Big Brother meets Big Data

It’s a well known maxim in the tech industry that if you’re not paying for the product, then you are the product. We get to use incredible services like Gmail, Facebook and Twitter1 for free – and in return, the big tech firms sell access to our eyeballs to advertisers2.

But this isn’t always the case. Sometimes, even when we pay for a service, we’re also the product being sold.

For example, something that EE, O2 and Vodafone all do, but don’t really love to shout about is sell anonymised, aggregated data on our physical movements to local authorities, transit agencies and any other companies with a chequebook large enough.

And that’s why today I’m going to tell you about some of the really mad things that Transport for London (TfL) can figure out about us by using our location data, provided by the O2 mobile network.

Using the Freedom of Information Act, I’ve managed to obtain the Data Protection Impact Assessment, and the Statement of Work for TfL’s Project EDMOND – which stands for “Estimating Demand from Mobile Network Data”3.

That’s right, this week’s newsletter is dangerously close to being actual reporting instead of just my usual bloviating. And having now fallen down the rabbit-hole digging into it, I’m amazed by the quality of information it gives transport planners and policy makers. And honestly, I’m a little freaked out.

So let’s dive in and explore it together.

Careful now

The way EDMOND works is very clever. TfL isn’t actually monitoring all of our phones all of the time, presumably because it knows that to do so would be hugely controversial.

So instead, it contracts with O24 to license data over shorter periods of time. For example, in 2023, it took data from ‘up to’ 40 normal weekdays between the start of April and end of June, when nothing weird was happening like school holidays or bank holidays5.

This is an enormous dataset, with potentially up to 25 million phones included in it6, but it still doesn’t include everyone in London because some people use other networks like EE, Vodafone, and so on.

So it’s crucial to understand that EDMOND isn’t just a pile of data – it is a model, where TfL has taken the data from O2, and has done some clever maths to scale it up to estimate the the movements of everyone in London over the age of 12.

There is also the elephant in the room. Though it might be surprising to learn that O2 is selling data insights on its users, it is not selling personal data7. What’s being sold by O2 and licensed by TfL is aggregated, anonymised data.

This means TfL can’t see the movements of individual people, and of course everything is fully GDPR-compliant and above board – as you’d expect for a major corporation and a transport agency.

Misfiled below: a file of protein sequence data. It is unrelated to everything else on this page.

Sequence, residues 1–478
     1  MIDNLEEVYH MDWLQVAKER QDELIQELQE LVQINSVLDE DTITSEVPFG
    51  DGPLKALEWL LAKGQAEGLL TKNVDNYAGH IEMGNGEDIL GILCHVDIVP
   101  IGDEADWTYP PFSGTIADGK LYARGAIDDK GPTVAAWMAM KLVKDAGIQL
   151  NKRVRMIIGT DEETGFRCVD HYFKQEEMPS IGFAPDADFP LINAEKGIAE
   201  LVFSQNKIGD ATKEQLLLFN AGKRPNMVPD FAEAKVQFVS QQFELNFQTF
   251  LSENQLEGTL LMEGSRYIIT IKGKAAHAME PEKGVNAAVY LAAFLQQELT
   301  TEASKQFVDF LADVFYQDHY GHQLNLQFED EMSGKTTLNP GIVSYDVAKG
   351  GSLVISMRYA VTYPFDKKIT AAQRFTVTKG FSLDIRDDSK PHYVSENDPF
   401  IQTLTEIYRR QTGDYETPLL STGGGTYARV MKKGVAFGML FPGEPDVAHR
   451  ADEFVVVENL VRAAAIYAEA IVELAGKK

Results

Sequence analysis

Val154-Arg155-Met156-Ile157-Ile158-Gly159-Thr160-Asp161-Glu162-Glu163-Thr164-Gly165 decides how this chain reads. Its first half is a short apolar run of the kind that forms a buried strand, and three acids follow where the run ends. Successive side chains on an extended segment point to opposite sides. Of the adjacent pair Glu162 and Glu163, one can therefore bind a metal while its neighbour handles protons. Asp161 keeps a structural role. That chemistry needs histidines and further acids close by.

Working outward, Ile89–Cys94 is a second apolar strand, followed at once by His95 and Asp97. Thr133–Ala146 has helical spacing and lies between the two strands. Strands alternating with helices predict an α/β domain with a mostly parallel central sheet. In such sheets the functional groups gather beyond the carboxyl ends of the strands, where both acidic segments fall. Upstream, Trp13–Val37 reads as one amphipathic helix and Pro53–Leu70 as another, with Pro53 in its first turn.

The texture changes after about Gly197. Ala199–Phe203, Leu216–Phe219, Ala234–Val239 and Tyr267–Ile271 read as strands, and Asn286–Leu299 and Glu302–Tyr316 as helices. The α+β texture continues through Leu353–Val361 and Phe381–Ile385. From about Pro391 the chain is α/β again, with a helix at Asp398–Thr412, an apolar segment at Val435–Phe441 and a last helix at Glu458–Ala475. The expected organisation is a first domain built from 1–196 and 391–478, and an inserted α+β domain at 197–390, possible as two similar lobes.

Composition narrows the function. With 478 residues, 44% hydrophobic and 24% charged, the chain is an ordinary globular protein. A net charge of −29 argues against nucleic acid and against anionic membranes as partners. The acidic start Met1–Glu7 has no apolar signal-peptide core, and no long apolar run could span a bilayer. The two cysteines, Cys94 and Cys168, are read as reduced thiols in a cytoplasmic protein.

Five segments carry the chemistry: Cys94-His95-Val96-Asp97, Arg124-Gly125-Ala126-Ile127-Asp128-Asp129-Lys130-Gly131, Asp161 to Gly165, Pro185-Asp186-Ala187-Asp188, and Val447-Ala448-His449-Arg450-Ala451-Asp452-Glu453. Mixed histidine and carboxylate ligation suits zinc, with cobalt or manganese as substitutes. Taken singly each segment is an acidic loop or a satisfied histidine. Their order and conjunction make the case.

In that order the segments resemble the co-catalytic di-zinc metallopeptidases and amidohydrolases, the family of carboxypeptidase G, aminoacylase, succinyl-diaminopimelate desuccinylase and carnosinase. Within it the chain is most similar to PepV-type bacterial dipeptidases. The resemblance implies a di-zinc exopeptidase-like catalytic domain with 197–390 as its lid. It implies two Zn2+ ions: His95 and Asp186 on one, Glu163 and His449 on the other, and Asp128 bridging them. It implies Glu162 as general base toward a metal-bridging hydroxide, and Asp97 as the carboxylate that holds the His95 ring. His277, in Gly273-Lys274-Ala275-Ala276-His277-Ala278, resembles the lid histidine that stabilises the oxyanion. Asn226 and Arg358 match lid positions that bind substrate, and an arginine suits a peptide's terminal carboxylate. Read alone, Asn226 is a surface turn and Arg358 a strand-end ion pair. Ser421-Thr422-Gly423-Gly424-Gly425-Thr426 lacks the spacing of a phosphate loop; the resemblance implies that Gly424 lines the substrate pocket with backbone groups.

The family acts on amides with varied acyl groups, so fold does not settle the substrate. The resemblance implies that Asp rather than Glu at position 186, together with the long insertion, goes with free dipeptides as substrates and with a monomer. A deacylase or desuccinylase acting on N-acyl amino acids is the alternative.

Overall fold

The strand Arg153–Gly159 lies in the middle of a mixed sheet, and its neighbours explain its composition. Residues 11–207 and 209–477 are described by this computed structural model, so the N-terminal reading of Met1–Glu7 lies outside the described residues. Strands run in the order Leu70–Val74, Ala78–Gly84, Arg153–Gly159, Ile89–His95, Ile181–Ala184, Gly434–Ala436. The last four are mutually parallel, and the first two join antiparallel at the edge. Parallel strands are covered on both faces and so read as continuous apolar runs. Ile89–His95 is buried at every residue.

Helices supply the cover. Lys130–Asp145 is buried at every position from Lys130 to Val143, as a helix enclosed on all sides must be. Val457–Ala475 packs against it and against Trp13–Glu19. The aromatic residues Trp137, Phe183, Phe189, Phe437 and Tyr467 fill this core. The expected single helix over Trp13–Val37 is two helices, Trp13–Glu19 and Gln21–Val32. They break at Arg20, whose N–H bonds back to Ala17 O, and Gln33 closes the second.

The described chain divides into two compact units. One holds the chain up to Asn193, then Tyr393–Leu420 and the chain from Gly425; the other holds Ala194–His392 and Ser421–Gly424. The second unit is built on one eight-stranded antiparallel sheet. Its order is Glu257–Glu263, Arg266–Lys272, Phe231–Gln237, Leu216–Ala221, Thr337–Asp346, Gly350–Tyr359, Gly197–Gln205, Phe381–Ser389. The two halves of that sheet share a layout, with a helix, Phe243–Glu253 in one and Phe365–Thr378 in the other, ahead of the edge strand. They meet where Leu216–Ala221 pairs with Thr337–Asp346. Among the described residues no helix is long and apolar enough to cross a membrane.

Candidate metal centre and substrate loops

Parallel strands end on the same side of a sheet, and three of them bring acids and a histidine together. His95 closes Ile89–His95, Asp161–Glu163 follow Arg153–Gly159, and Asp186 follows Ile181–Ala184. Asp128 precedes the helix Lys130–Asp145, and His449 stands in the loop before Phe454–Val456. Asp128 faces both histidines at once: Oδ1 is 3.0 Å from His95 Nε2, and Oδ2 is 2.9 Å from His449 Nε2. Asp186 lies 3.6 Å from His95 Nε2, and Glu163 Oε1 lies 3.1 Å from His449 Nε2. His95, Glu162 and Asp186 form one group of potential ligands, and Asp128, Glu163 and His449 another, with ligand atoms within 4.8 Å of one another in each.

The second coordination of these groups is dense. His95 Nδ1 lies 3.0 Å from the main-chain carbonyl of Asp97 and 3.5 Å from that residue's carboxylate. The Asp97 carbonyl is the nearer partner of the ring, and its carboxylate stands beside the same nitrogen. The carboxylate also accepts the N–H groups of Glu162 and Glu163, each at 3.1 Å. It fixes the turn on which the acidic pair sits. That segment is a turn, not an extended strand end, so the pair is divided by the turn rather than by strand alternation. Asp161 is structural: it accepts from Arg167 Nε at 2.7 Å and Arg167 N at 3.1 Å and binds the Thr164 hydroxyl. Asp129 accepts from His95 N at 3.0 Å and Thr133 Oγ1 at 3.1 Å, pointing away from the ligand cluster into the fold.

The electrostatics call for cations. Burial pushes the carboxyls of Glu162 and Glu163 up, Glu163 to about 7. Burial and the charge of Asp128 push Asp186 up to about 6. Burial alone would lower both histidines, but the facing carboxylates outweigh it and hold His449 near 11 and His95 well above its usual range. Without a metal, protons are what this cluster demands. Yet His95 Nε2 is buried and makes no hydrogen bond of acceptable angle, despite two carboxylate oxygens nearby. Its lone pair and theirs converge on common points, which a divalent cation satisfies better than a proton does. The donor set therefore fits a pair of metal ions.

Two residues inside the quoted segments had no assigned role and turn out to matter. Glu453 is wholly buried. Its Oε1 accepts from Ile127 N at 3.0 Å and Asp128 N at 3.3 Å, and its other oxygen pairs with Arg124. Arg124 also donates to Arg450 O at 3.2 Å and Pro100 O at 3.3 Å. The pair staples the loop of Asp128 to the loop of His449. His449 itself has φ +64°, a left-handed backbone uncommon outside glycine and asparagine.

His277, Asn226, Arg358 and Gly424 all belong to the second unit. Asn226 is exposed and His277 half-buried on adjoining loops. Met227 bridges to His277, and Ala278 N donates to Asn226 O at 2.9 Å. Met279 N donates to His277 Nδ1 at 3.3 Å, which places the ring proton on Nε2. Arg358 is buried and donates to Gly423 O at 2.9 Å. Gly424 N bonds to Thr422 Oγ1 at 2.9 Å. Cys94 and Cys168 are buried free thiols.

In fact, according to the 2018 Travel in London report, any time the data suggests there were fewer than ten phones in a given statistical area, the data was automatically excluded so to avoid inadvertently unmasking people based on their metadata.

So to be absolutely clear, there’s no big scandal here8. In fact, using this sort of data is increasingly routine for local authorities and others9. To the extent that O2 even has a brand name for this line of its business – “O2 Motion”.

But that doesn’t mean what’s happening isn’t interesting. In fact, I’m willing to bet that most people outside of the mobile industry are completely unaware their movement data is being used in this way.

What TfL knows

Now let’s get to the good stuff. What does all of this data do for TfL, and what data do they have to play with?

Because of the aforementioned privacy restrictions, they don’t simply get dots on the map show them where everyone was. Instead, the data is broken down into hundreds of “Medium Super Output Areas (MSOAs)” – this is a statistical standard that divides up the country into groups of between 2000 and 6000 homes.

Here’s a map showing London’s MSOAs:

Looking at this, you can see why data on this level might be useful.

Using the aggregated data from O2, TfL can see which areas of London people are travelling from and where they are travelling to – which is exactly the sort of information you might need if you were, for example, planning where to run buses or impose an Ultra-Low Emissions Zone that disincentivises car use.

Read on

The post It’s crazy how much TfL can learn about us from our mobile data (JamesO’Malley) appeared first on London Reconnections.

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